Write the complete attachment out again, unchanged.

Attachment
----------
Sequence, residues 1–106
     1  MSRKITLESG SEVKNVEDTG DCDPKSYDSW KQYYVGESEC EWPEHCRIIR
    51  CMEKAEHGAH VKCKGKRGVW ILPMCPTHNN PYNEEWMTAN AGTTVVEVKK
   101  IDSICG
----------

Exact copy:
Sequence, residues 1–106
     1  MSRKITLESG SEVKNVEDTG DCDPKSYDSW KQYYVGESEC EWPEHCRIIR
    51  CMEKAEHGAH VKCKGKRGVW ILPMCPTHNN PYNEEWMTAN AGTTVVEVKK
   101  IDSICG